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Dropkick Murphys' Al Barr: The First Record I Ever Bought

The Dropkick Murphys frontman explains how The Clash kicked off his love affair with punk rock

As lead singer for American Celtic punks Dropkick Murphys, Al Barr has been responsible for some of the most rock'n'roll St Patrick's Day parties of all time. But the band have strongly held political views too, so it's hardly surprising that the young Al was bowled over by The Clash and their ilk. Here he looks back on the first record he ever truly loved…


The first record that I bought with my own money was actually Burning Love by Elvis Presley when I was in the fourth grade. That didn’t change my life or anything like that, but I knew that I loved singers and Elvis Presley is of course an amazing singer. I grew up listening to a lot of The Beatles as well. But the first album that really impacted my life was the first album by The Clash [The Clash, 1977]. I bought that record when I was 15 years old and it changed everything for me – it defined me and set me on my course. If it wasn’t for Joe Strummer and The Clash then I don’t think Al Barr would be where Al Barr is today. I firmly believe that.

Before I even discovered punk I knew that I didn’t fit in. I knew it all along. So when I discovered The Clash it just made sense. I was hanging out with friends in the seventh and eighth grade that were listening to Pink Floyd, Jimi Hendrix and The Rolling Stones, and that’s all great music too, but here came this new sound and everyone was like, “Urgh!” It was like a dog whistle to them but it didn’t affect me that way. I was young and angry and they were channelling that. It really spoke to me.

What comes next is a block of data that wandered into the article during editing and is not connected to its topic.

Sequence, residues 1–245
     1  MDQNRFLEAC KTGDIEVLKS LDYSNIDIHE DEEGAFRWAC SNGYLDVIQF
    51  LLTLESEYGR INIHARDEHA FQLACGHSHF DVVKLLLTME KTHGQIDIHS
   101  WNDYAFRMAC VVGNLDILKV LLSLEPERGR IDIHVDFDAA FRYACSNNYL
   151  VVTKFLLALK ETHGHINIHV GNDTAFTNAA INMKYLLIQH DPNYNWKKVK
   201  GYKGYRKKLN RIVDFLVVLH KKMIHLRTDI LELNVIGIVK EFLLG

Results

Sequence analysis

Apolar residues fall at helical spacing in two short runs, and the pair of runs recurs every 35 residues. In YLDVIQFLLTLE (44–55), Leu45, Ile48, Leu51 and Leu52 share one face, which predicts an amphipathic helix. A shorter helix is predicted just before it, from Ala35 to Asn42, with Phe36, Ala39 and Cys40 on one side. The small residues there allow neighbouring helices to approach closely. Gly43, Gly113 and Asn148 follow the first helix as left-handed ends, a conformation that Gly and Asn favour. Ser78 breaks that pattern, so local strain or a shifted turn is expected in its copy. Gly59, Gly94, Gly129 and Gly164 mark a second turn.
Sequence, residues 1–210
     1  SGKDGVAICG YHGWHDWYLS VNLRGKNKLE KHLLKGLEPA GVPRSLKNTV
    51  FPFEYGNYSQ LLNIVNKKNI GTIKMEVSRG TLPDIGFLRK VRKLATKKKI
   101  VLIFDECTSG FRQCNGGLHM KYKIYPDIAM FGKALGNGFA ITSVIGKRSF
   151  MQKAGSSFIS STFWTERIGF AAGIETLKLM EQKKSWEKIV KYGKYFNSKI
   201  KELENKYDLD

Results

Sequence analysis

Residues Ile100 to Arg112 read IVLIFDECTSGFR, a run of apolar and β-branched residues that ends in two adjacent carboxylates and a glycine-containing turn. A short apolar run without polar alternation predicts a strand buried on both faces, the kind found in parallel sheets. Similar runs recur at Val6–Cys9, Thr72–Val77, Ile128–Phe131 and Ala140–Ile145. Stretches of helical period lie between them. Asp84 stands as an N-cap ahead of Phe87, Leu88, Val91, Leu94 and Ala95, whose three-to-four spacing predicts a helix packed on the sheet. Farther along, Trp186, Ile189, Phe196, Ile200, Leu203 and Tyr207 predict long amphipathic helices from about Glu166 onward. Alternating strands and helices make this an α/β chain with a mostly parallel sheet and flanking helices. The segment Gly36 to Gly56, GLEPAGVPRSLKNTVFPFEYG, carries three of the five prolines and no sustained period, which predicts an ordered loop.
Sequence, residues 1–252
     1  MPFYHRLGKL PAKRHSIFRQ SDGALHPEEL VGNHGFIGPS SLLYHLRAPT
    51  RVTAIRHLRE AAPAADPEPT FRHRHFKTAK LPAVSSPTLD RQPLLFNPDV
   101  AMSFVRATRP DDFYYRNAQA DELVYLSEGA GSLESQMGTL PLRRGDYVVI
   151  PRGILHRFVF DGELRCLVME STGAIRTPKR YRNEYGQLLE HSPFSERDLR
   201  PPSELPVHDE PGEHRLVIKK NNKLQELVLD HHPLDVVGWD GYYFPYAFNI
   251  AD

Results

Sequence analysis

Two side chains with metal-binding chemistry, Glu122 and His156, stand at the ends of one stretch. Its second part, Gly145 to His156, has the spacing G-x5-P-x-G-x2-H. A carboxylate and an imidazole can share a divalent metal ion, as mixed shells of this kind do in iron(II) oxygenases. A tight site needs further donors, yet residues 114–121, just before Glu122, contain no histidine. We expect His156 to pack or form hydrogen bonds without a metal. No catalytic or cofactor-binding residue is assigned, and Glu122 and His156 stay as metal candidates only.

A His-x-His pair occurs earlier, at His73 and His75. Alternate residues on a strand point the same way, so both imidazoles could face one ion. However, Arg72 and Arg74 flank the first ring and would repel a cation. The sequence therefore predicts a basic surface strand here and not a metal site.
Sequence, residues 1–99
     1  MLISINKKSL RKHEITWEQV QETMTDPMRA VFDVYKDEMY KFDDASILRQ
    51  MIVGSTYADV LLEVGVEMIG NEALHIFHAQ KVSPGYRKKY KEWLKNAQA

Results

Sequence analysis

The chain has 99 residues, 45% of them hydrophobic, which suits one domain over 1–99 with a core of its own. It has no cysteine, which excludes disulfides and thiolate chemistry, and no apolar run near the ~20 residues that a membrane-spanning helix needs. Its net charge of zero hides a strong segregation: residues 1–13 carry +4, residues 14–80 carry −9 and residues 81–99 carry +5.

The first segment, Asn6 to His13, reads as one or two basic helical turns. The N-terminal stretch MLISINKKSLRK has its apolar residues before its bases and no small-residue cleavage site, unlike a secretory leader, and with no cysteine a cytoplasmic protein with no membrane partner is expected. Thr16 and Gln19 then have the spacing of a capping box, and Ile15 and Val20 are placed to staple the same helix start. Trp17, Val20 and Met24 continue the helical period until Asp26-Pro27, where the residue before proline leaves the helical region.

Soon after getting that Clash album I discovered the Ramones and Stiff Little Fingers – it was all probably within the same month. That started me on my journey, and then I met older kids in the scene that were into hardcore and they introduced me to the Bad Brains. Pay to Cum was probably the first hardcore song that I ever heard. I’d never heard anybody sing that quickly before, and the best part about it is I could play it in the car with my dad because he didn’t understand a word of it.

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Around this time you also had the incident at The Who concert in Ohio where all of those people got crushed, and as a result of that I was forbidden to go to any concerts. My friends were going to see bands like The Kinks and The J. Geils Band and I couldn’t go see any of them, but then I got into punk and that’s where I ruled: there were these things called all ages shows and my parents would say, “You go ahead to your little all ages show. Have a nice time, son.” I’d have to hide all the bruises when I came home.

It was an amazing time and I got to see some amazing bands. I guess I happened to be at the right place at the right time, and in the right era. But if I hadn’t heard The Clash and discovered punk music then that might have interfered with the whole journey that I ended up on, because here I am today.

Dropkick Muphys' new album 11 Short Stories Of Pain And Glory is released on January 6 via Born & Bred Records.


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